By Sarah Vaughn
There’s a thud as a girl in short shorts and roller skates slams into the wall. She smiles, flips off her assailant, and zips off to catch up with the pack.
Welcome to roller derby.
Derby, at its simplest, is a race. Two teams clad in quad roller skates dash around an oval track and try to score points by lapping their opponents. Jammers, one per team, are the scorers and try to pass the four blockers of the opposite team with the help of their team’s blockers. Blockers help their own jammer through the pack and punish the other jammer with hip-checks, booty bumps and upper body slams. Although there are rules that govern the legality of blocks, derby is a full-contact sport that often results in players crashing into the walls, the floor, referees and each other.
Invented in the 1930s by sports promoter Leo Seltzer, roller derby started as a 57,000-lap test of endurance. The sport has since gone through many incarnations: the original professional, coed teams of the 40s, 50s, 60s and early 70s which were popularly broadcast on television, the campy and staged revival derby during the late 70s, 80s and early 90s, and the current all-female grassroots leagues. Contemporary roller derby, characterized by its underground, punk-rock, do-it-yourself attitude, started in Austin, Texas circa 2002 and has since exploded into nearly five hundred leagues worldwide.
Intrigued, I find myself at the practice of one such league, the OC Roller Girls. Practice takes place behind the Rinks in Huntington Beach, a threadbare complex that smells like a damp hockey locker room. The guy at the front desk directs me past two rinks, a snack bar and bored kids in hockey pads to the back.
“Turn right at the bathrooms, go through locker room ten, turn right again and it’ll be in front of you.”
Sure enough, there in the middle of a vast warehouse room complete with pallet racks I find the girls suiting up.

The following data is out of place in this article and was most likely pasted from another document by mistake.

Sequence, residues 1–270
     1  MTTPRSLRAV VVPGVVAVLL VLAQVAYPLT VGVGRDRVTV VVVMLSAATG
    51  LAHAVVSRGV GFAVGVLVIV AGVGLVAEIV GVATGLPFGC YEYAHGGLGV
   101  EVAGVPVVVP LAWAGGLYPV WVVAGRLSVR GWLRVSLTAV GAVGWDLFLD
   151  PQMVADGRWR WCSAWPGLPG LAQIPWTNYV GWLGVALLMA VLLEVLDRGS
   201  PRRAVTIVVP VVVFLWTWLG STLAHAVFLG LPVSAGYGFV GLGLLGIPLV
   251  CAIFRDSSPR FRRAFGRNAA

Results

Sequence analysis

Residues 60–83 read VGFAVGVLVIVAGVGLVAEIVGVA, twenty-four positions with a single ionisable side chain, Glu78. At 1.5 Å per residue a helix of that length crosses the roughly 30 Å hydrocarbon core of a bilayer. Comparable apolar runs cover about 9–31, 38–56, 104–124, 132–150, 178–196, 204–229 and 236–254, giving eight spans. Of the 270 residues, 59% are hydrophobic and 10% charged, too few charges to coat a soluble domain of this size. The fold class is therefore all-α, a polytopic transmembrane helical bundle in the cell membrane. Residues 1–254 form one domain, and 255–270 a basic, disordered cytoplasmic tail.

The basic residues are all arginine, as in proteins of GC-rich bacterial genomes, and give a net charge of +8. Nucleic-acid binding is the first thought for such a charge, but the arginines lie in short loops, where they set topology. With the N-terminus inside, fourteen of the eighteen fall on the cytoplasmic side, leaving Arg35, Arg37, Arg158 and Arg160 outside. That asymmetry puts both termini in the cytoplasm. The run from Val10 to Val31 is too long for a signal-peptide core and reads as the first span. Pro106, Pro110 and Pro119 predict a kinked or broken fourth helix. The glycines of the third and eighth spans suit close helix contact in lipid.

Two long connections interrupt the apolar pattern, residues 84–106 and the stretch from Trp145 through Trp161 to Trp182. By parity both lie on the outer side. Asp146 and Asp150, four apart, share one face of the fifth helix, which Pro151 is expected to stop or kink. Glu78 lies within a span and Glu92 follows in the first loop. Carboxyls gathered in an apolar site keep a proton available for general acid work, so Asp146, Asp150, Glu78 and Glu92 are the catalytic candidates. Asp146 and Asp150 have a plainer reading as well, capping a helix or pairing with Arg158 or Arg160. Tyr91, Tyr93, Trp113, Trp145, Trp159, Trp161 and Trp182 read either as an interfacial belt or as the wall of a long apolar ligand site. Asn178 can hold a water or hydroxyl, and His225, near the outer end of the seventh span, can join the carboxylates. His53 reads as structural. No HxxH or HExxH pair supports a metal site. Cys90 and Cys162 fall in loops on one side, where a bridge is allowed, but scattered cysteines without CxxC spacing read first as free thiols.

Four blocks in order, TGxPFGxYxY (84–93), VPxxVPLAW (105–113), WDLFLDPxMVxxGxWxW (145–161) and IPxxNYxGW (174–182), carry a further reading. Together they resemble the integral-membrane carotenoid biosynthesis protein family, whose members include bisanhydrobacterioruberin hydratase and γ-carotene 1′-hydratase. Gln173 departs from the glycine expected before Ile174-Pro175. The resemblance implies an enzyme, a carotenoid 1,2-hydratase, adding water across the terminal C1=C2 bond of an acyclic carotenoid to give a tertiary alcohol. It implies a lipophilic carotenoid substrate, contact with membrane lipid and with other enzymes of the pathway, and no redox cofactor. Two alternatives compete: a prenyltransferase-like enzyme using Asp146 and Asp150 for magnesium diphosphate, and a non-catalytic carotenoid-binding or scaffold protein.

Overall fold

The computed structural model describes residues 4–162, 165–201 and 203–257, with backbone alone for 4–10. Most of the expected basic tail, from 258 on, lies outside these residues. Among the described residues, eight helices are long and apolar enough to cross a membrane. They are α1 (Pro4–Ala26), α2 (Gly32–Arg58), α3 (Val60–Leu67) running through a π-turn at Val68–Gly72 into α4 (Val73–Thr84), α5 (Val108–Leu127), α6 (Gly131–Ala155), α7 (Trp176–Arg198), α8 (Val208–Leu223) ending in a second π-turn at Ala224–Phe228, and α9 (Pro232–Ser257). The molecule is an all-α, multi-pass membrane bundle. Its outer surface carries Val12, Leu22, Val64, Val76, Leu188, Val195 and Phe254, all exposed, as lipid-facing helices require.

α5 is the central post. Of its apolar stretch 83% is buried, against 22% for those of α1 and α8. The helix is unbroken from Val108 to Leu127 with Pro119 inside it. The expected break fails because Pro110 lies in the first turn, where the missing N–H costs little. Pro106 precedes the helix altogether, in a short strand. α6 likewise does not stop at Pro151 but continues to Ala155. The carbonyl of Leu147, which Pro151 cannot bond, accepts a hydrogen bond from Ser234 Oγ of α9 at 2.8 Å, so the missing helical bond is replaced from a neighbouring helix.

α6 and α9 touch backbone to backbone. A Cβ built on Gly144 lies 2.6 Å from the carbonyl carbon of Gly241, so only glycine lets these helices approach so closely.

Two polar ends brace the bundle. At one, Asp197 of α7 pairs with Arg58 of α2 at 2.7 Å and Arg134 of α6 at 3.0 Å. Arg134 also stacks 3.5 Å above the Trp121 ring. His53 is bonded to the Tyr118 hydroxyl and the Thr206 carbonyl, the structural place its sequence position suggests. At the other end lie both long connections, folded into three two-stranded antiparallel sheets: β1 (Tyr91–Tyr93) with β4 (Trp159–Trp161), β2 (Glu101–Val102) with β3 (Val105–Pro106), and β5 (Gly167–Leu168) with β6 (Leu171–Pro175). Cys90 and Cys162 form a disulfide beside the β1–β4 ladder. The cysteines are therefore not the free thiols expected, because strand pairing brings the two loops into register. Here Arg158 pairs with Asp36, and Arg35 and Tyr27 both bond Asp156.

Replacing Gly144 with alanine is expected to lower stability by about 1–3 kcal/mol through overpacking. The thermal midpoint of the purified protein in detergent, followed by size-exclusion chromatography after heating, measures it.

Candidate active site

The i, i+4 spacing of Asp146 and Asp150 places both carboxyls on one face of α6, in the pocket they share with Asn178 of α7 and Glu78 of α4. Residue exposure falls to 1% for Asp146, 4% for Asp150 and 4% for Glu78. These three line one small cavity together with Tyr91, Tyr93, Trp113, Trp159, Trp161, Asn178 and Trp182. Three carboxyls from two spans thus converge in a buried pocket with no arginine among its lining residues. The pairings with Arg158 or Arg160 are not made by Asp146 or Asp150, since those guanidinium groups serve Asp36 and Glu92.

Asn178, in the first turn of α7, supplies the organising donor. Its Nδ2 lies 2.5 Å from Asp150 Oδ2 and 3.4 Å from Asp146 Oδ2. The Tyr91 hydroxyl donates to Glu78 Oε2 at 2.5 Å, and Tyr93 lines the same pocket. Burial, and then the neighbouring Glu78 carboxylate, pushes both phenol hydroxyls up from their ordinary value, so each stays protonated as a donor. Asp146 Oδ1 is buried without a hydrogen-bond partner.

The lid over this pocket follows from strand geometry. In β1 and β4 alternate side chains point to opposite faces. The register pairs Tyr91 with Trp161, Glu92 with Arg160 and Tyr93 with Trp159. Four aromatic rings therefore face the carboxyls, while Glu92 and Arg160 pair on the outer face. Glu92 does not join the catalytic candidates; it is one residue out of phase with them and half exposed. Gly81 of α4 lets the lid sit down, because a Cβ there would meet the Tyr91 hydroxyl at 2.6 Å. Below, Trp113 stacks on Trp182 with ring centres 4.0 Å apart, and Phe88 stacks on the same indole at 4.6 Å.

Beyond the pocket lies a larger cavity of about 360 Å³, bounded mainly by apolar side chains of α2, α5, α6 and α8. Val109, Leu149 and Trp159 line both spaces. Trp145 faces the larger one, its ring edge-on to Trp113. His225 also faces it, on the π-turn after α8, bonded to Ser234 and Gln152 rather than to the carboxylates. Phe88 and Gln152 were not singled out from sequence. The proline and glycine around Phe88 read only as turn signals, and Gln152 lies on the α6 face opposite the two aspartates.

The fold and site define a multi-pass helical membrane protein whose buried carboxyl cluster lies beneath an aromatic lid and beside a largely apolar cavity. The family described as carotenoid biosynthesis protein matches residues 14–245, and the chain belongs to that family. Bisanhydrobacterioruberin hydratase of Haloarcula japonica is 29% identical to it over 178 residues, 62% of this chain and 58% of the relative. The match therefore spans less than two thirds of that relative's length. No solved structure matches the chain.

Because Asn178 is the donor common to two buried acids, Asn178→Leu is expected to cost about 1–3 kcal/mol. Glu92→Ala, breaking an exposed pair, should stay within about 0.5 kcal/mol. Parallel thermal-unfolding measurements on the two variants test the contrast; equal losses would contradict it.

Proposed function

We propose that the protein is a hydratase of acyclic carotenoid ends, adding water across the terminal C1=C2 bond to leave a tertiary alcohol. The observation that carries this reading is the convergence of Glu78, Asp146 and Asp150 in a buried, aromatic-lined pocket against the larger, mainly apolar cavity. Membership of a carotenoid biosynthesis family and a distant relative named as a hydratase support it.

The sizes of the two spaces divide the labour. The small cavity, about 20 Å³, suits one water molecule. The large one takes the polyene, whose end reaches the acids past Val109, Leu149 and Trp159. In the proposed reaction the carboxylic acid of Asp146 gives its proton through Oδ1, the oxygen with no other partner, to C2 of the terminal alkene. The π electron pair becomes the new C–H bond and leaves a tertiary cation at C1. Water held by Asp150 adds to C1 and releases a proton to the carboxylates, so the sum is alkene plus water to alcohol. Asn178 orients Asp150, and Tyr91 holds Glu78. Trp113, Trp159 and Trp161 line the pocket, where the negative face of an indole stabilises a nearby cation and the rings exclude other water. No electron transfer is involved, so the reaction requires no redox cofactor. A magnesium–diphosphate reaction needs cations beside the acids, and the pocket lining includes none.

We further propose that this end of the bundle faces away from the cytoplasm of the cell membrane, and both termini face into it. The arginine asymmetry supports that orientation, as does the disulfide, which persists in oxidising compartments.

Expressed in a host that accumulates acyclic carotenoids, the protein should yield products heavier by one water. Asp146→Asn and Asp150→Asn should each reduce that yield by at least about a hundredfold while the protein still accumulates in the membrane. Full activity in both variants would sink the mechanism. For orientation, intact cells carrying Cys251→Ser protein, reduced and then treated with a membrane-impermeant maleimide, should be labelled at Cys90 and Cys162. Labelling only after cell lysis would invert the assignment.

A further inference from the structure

Hell Toro and Poison IV line up on the jammer line
“So you’re the Reporter Girl,” Disco Dervish greets me. Disco is the busty, red-headed founder and queen of the OC Roller Girls. Disco started the league almost four years ago after moving to California from Arizona and realizing no league existed in her new home. The league is now sixty four veterans strong, with three main teams (Psycho Ex-Girlfriends, Huntington Heartbreakers and Back Bay Bombshells), two travel teams and Fresh Meat, girls in training.
More veterans start filtering in for their 7:30 intraleague practice as the Fresh Meat finish. Any preconceptions I had about derby girls are quickly obliterated. Instead of fearsome, twenty-something, cooler-than-thou indie girls with arm sleeve tattoos and dyed asymmetrical haircuts, I found myself surrounded by every kind of woman imaginable: tiny, muscular, chubby, quiet, old and young, moms, students, teachers, CEOs and rockabilly housewives.
Each derby girl goes through an initiation of sorts. Back when the league was in its infancy and there were barely enough girls to make up two teams, recruits were thrown into derby with what skills they had and sank or swam. Rotten O, one of the original members of team OC, jokes about learning the rules two weeks before their first game and how they hit one another, “but it was probably more like running into each other than anything else.”